When Yahoo Inc. on Thursday admitted that a “state-sponsored” hacker was able to abscond with 500 million user accounts, it was yet another reminder of how hard it can be to determine the root cause of an attack without the right training and tools, according to security experts.
According to Yahoo, the account information may have included names, email addresses, telephone numbers, dates of birth, and hashed passwords, making this IT hack one of the largest on record to date. Back in August, technology website Motherboard revealed that a user by the name of “Peace” claimed to have access to the user data of 200 million Yahoo users. “Peace” sought to sell this information for three bitcoin, or around $1,860, according to the site.
In a statement, the company noted that an ongoing investigation is in progress and that the stolen data did not include unprotected passwords, payment card data, or bank account information. Yahoo recommends users avoid clicking on links or downloading attachments, in addition to changing passwords and reviewing online accounts for suspicious activity. It also notes users who haven’t changed their passwords since 2014 do so.
For Canadian enterprise users — specifically those using the Yahoo email platform via Rogers Communications-based Internet services — there hasn’t been any reports of missing or stolen account information.
Toronto-based Rogers recently sent out the following prepared statement: “We take our customers’ privacy seriously and are in contact with Yahoo as they continue their investigation and determine next steps. We encourage people to regularly change their passwords and they can visit rogers.com for tips on how set a strong password.”
The fact Yahoo was breached isn’t surprising, noted Keatron Evans, senior security researcher for Chicago-based Blink Digital Security. “Every company large and small faces similar attacks, but this one is different because it is playing out in the public arena,” he added in an email.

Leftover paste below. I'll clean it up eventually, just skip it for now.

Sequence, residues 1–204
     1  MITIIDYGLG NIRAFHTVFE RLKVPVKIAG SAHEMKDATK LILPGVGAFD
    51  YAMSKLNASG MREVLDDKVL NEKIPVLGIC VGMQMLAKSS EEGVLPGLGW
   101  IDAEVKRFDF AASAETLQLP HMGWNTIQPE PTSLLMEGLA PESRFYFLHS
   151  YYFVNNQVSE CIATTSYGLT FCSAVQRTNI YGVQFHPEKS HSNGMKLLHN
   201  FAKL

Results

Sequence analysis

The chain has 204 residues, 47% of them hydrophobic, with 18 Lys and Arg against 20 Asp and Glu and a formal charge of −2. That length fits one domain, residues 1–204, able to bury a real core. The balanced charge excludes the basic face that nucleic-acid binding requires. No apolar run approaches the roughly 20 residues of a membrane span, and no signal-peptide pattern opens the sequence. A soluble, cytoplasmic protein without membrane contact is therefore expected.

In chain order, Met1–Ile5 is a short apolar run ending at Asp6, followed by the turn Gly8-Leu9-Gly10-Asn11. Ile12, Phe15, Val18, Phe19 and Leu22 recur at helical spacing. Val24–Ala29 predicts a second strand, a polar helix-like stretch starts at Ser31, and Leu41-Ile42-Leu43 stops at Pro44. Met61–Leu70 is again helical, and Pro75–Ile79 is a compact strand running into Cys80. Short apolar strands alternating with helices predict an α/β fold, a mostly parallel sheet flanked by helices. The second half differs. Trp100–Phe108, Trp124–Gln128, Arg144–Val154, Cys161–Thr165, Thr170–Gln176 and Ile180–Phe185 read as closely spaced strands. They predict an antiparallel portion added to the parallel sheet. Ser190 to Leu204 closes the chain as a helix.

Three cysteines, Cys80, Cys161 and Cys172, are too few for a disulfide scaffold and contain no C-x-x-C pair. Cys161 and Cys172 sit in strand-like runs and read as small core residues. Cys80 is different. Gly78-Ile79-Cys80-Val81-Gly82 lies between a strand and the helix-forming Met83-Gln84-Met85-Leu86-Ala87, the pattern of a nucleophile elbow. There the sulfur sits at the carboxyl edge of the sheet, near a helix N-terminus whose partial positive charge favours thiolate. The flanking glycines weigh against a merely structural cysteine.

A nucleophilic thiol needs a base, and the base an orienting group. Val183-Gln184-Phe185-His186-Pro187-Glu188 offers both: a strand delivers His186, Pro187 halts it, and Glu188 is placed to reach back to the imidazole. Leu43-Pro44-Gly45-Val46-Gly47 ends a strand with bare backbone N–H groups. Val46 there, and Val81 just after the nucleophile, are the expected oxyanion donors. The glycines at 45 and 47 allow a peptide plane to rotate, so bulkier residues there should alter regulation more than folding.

A recent Ponemon Institute report noted that “time is money” when it comes to dealing with data breaches. The IBM-sponsored study also found the longer it takes to detect and contain a data breach, the more costly it becomes to resolve: breaches identified in less than 100 days cost companies an average of US$3.23 million, while hacks uncovered after the 100 day mark cost over US$1 million more on average (US$4.38 million).
It is too soon to tell if this news might affect telecommunications company Verizon’s announcement in July to acquire Yahoo’s digital operations for US$4.8 billion in a deal that was expected to close early next year.
“We understand that Yahoo is conducting an active investigation of this matter, but otherwise we have limited information and understanding of the impact,” the company said in a statement this week.
As this story unfolds, Evans noted it stands as a security cautionary tale for enterprises, one that they should learn from by being more proactive in developing post-breach remediation strategies to investigate breaches faster. Cybersecurity experts note that users should consider, as a best practice, crafting multiple passwords, one for each internet account.
“There are already appliances in the market that help to automate and speed up the forensics process, so no company of Yahoo’s size has the luxury of leaving customers hanging for months without adequate information or a plan for corrective action,” said Evans.
“Whether the target is enterprise or personal emails, the outcome is the same: trust is shattered and sensitive information can be exploited,” said Fiaaz Walji, the Canadian country manager for security firm Proofpoint.
The Toronto-based Walji told IT World Canada that the point in time when a Canadian organization needs to fully disclose that a data breach has occurred — and when — has often depended on the industry vertical. At any rate, all enterprises need to have a level of transparency and openness to the customers and clients they serve, however.
In terms of cybersecurity best practice, organizations should holistically be focused on three things — people, process and technology, Walji noted.
According to Jacob Ginsberg, senior director at Toronto-based email encryption software firm Echoworx, “good enough” doesn’t cut it when it comes to cybersecurity. “Data persists, so even if you’ve taken steps to protect that information, hackers may have the tools to negate these defences six months, one year or three years down the line,” Ginsberg said in an email. “If you do the bare minimum now, this won’t do you any good in six months’ time. Simple hashing of passwords isn’t enough – using strong encryption and salting passwords should be prerequisites for any organization handling account information.”